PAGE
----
- FR-4: Drivers in Florida and Virginia are subject to a FR-4 for driving violations that are serious. The FR-44, which is different from the SR-22, requires drivers at high risk to have more coverage than their state’s minimum requirements. Virginia drivers must have double the coverage required under the FR-444, while Florida drivers must have ten times the coverage required by the FR-44.
- SR-50: This form is unique to Indiana. The SR-50 form can only be filed if you are notified by the state following an incident where you were driving without minimum insurance coverage. If a driver has had their license suspended, they may need to file an SR-50 form in Indiana.
SR-22 for Non-Owners
Drivers who have had their driving privileges suspended for dangerous behavior may be unable to drive their vehicle. They may require a non-owned SR-22 form if this happens. This document certifies that you have the minimum required auto insurance coverage under a policy of non-owners.
Renew Your New Hampshire Driver’s License
New Hampshire does not issue SR-22 forms if a driver’s licence has been suspended because of a DUI or another qualifying event. Drivers who fail to submit an SR-22 form in New Hampshire will be unable to legally drive in the state. This applies to all non-residents who violate the state’s traffic laws.
SR-22 New Hampshire Insurance Costs
You should not be surprised to learn that your auto insurance company will raise your rates if you have an SR-22. Your premium will increase the more you are perceived as a risk by an insurance company. Drivers who need to file an SR-22 form must pay fees to register with the Department of Motor Vehicles. The fees associated with filing an SR-22 in New Hampshire range from $15 – $25 depending on your credit score, age, gender, and driving history.
The Insurance Information Institute states that the average cost of New Hampshire car insurance is $824. Policyholders can expect their rate to rise to $1752 after one DUI/DWI. Driving safely and responsibly is the best way to avoid paying for an SR-22 in New Hampshire.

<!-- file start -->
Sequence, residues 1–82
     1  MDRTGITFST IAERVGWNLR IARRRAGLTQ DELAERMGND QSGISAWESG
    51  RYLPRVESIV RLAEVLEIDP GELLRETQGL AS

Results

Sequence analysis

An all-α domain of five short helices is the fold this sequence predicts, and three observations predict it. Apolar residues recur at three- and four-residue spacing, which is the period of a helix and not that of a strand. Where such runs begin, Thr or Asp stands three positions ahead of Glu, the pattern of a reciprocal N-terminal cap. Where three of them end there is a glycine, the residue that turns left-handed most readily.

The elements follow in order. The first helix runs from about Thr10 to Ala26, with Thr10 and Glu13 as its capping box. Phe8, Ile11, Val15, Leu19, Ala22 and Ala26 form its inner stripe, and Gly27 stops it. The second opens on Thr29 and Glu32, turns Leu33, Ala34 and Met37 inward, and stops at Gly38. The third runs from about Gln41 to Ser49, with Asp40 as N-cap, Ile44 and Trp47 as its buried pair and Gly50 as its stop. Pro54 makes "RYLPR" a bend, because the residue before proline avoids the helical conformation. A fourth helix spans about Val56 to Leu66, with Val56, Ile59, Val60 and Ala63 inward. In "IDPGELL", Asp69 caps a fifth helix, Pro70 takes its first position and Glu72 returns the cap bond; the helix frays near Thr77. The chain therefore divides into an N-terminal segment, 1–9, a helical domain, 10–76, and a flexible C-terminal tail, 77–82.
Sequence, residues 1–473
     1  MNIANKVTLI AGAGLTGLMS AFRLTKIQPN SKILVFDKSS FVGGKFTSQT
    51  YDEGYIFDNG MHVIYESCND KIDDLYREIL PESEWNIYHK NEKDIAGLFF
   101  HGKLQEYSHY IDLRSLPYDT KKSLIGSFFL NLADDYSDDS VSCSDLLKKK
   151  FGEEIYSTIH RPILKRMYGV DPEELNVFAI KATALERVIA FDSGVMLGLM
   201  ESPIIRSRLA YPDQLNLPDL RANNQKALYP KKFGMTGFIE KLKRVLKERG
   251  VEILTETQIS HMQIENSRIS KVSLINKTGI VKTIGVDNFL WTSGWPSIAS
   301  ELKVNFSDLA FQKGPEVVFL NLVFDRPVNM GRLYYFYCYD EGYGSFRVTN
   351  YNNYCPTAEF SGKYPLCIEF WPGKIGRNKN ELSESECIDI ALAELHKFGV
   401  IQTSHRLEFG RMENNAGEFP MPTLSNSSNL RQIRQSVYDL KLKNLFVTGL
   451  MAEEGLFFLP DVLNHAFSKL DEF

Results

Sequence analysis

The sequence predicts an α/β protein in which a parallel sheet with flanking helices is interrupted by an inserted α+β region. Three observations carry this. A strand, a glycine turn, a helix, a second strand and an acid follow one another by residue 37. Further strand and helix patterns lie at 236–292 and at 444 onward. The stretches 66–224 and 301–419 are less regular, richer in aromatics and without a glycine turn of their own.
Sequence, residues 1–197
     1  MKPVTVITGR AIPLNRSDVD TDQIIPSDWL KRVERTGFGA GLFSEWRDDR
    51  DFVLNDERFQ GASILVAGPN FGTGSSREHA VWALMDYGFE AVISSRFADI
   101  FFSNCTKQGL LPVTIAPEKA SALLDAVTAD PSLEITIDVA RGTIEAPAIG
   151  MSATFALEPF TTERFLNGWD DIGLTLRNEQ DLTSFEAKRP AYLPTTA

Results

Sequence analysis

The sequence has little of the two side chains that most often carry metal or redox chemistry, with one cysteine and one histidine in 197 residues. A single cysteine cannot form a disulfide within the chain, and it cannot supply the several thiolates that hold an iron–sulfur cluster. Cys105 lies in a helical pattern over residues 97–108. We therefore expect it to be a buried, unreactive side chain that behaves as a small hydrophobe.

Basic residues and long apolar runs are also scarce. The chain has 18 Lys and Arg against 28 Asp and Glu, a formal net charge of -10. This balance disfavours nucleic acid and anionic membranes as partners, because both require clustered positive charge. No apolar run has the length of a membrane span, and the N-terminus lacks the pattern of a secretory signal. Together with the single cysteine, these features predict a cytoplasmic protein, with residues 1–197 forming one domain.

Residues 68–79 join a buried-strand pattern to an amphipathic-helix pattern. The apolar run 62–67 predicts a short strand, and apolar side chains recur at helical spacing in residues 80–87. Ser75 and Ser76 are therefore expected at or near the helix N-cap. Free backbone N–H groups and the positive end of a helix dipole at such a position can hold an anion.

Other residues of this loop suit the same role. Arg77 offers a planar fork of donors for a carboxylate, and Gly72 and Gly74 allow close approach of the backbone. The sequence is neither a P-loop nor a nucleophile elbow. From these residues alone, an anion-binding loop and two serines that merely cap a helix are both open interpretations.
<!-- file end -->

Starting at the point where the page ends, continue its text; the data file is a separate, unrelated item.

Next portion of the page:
What length of time do I need an SR-22?
Individuals convicted of driving under the influence, decertified as a habitual offenders, or found at-fault in an uninsured collision are required to have proof of insurance for at least three consecutive years. Depending on the severity and driving record of an individual, they may be subject to a shorter or longer mandate for their SR-22 form.
How can I obtain SR-22 insurance for New Hampshire?
Drivers will need to first contact their insurance provider in order to obtain an SR-22 proof of insurance in New Hampshire. The insurance company will then need to submit the SR-22 form the New Hampshire Department of Motor Vehicles. This form must be kept on file for at least three consecutive years after your last conviction.
What is the cost of SR-22 insurance in New Hampshire?
SR-22 is not an insurance policy, but a certificate that proves that the driver has the minimum required auto insurance. The average cost of a SR-22 certificate is $15 to $25 in New Hampshire, depending on your credit score, age, gender, driving record, and credit score. The type of offense, the number of similar previous violations and the severity of the offense will all affect the monthly premium.
What is the minimum amount of auto insurance required in New Hampshire?
New Hampshire drivers must have the following coverages for auto insurance:
- $25,000 per person
- $50,000 per accident
- $25,000 for property damage
- $25,000 uninsured/underinsured motorist coverage per person
- $50,000 uninsured/underinsured motorist coverage per accident
- $25,000 uninsured/underinsured motorist coverage per property damage
- $1,000 coverage for medical payments